The description of the dear departed friend in "Virginia" describes someone we all may have known somewhere in our pasts, the friend who was more like family and left lasting memories and creating memorable life experiences by just being young. Bazan's lyrics paint a picture combining those memories along with thoughts of how a present-day reconnection might be, with imagery like "we all sat on the floor as my kids swam around us, you smoked cigarettes like I knew you would." The chorus is a combination of a question of where exactly the afterlife would take his friend -- "we were worried about your personal salvation. Was it heaven or hell that you saw when your eyes closed?" -- along with the answer he knew in his heart all along: "You smiled it off, floating high above the question like you knew something we didn't know."
The feelings involved with the reconnection found in "Eating Paper" are much different. They show that absence or abandonment can't be absolved with a simple reappearance at the end. The lyric "My younger sisters and brothers have grown to be stronger and smarter than you believe" seem to point to a parental-type figure. The words "while this might be the rare occasion where high tide lifts all boats, I'm keeping my head down under the water 'cause man, I've got to get there on my own" point out that you can't always fix the mistakes of the past with a simple action. The allusions to the subject of the words appearing just at supper are reminiscent of that person we all know who always comes around when they have the opportunity to gain something instead of being there when they're actually needed.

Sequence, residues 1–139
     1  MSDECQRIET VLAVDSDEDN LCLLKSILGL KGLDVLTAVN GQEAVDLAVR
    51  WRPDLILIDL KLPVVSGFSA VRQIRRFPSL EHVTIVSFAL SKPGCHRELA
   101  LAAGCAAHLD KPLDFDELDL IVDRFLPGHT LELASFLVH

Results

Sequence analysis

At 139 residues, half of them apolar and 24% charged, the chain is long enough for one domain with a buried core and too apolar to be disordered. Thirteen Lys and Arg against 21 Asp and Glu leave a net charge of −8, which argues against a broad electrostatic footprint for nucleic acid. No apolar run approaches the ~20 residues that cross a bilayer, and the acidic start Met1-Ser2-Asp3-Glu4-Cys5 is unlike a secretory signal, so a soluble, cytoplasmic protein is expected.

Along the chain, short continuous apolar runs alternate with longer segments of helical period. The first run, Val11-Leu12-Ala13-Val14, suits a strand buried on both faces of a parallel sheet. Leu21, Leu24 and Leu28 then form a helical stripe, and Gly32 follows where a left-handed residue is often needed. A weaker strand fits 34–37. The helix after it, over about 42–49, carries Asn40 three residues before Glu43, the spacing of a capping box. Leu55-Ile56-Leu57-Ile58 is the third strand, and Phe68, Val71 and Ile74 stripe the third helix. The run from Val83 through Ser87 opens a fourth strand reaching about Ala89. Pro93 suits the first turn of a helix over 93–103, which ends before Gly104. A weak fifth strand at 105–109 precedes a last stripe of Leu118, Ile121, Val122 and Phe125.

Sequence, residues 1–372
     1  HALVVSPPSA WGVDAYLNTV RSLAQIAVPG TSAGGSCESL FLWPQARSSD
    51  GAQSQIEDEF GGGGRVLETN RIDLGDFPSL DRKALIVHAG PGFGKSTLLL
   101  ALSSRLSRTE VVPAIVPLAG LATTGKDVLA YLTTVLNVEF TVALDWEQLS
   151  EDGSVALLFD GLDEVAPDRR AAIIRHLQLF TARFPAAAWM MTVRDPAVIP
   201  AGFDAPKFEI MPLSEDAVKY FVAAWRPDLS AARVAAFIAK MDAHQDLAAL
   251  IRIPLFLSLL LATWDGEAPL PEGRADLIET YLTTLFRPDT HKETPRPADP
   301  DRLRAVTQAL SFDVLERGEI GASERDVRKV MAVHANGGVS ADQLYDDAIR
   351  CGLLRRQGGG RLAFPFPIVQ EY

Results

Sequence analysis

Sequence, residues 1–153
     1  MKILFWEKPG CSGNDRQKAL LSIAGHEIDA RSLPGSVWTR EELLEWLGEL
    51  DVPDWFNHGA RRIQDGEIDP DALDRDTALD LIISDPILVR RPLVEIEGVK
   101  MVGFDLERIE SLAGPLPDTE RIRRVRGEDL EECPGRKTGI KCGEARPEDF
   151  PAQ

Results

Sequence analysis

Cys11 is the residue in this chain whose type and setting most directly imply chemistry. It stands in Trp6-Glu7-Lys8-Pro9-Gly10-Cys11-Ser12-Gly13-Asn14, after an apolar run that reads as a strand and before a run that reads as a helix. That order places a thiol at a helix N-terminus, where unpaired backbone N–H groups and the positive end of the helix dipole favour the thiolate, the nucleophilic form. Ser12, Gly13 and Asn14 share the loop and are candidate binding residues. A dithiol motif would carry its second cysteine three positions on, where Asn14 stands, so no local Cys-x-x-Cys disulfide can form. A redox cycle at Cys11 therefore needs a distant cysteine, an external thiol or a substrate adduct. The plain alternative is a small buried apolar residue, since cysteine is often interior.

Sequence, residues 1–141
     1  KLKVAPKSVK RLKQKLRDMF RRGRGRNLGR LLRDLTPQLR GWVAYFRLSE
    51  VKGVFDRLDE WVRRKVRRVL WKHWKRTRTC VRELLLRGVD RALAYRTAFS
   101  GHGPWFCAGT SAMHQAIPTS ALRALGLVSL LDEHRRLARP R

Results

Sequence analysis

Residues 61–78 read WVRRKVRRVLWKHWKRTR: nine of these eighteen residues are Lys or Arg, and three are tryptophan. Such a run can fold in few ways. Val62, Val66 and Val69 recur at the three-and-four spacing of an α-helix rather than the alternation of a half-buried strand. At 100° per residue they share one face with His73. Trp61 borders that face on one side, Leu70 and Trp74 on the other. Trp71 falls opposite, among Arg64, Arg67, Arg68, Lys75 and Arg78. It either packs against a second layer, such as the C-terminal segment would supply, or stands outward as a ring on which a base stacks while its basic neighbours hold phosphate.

"Strange Negotiations" is a sadly accurate observation on the changes a couple goes through during a messy breakup and could possibly be telling the tale of a particularly nasty divorce. Divorce itself is a strange negotiation, one that no one thinks they'll ever have when they decide to spend their life with someone else. Love has a way of changing to something sinister and hateful in certain circumstances, creating the potential for accusations and fighting -- even when the whole situation is a loss for both parties. Bazan brings this up in the lines "You're kicking and screaming to get your way again but the writing is on the wall" and "Any minute you'll go on to your reward but someone else is gonna make the call." The loss of other relationships that follow a divorce are also visible with images like "I could write you off so easily except a hundred million other people agree" and "I'm a stranger in my hometown."